Women’s History Month
Women’s History Month is a month-long celebration of women’s contributions to society and history that is observed during the month of March in Australia, the United Kingdom, and the United States, and during the month of October in Canada. In the U.S., it has been officially celebrated since March of 1987.
History of Women’s History Month
The history of Women’s History Month dates back to 1978 when a Sonoma, California, school district participated in Women’s History Week during the week of March 8th.
March 8th is International Women’s Day, so it seemed appropriate at that time to begin the celebration of Women’s History Week around that day. While the participation of this Californian school district in Women’s History Week didn’t seem all that relevant at the time, it became very relevant a year later in 1979.
That year, a two-week-long conference about women’s history was held beginning July 13th, 1979. This conference was co-sponsored by groups such as the Smithsonian Institution, Sarah Lawrence College, and the Women’s Action Alliance. When they learned of the celebration held in that Sonoma school district the prior year, they decided to work to create a National Women’s History Week.
By February of 1980, their work had reached the White House, and a month later, U.S. President Jimmy Carter proclaimed March 8th, 1980, as National Women’s History Week.
During his proclamation, he stated how both men and women helped build the United States; how women are the unsung heroes of history and how their contributions are so often unnoticed by society in general.
A year later, Senator Orrin Hatch of Utah and Representative Barbara Mikulski co-sponsored a Joint Congressional Resolution proclaiming Women’s History Week – beginning March 7th, 1982. Over the next several years, schools across the country began to expand Women’s History Week into Women’s History Month.
By the time 1986 arrived, 14 states had declared the month of March as Women’s History Month. The National Women’s History Project petitioned Congress in 1987 to establish Women’s History Month – which they did when they passed Public Law 100-09 on March 12th, 1987 – that designated the entire month of March as Women’s History Month.
Over the next several years, Congress would pass more laws that request and authorize the President to proclaim March as Women’s History Month. And all U.S. Presidents have issued annual proclamations to that effect ever since 1988. Today, it is celebrated by individuals and schools all over the country.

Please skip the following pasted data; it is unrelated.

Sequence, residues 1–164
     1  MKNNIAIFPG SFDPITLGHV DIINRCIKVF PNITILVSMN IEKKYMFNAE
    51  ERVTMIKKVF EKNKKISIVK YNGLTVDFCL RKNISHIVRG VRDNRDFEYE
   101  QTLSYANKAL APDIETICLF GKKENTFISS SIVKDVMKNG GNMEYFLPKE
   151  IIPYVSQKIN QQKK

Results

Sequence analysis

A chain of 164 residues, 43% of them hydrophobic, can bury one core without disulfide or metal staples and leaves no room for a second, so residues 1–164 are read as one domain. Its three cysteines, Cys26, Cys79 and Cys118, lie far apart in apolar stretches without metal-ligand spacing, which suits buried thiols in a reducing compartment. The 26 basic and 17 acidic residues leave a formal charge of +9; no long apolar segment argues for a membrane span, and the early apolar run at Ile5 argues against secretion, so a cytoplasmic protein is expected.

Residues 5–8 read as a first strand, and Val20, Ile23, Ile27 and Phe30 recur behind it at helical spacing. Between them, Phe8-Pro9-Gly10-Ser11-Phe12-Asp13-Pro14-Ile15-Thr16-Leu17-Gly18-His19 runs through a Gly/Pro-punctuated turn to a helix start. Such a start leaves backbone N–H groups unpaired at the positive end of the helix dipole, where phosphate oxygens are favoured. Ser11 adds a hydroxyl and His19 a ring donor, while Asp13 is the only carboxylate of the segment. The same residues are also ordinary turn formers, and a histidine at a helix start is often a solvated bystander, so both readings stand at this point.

It didn’t take long for other countries to begin to adopt their own versions of Women’s History Month. In 1992, Canada began to celebrate the month in October to commemorate the Persons Case – a trial by Canada’s highest court of appeal that stated that under the law females were, in fact, people. In 2000, Australia began to hold its own Women’s History Month in March, and the U.K. followed in 2011.
Women’s History Month Customs & Traditions
Over the years, Women’s History Month has had a theme that corresponds with every year. For instance, in 1987, it was “Generations of Courage, Compassion, and Conviction”; in 1997, it was “A Fine and Long Tradition of Community Leadership,” and in 2016, it was “Working to Form a More Perfect Union: Honoring Women in Public Service and Government.”
Since 2005, Australia has also used annual themes to plan events around. In 2005, the theme was “Celebrating Racy Women”; in 2009, it was “Parliamentary Women,” and in 2013, it was “Finding Founding Mothers.”
You can also donate some money to your public library and instruct them to buy a book on women’s history, or even donate a book on women’s history yourself. You can also give your son or daughter the biography of a famous historical woman such as Gertrude Stein, Jane Addams, Susan B. Anthony, Clara Barton, or Ella Baker.
Schools can acknowledge and educate the day by studying the biography of a famous historical woman, reading the proclamations about Women’s History Month from past U.S. Presidents, by studying the contributions of women to society, and by having an open discussion about these contributions. The ways to learn and educate about Women’s History Month are just about endless.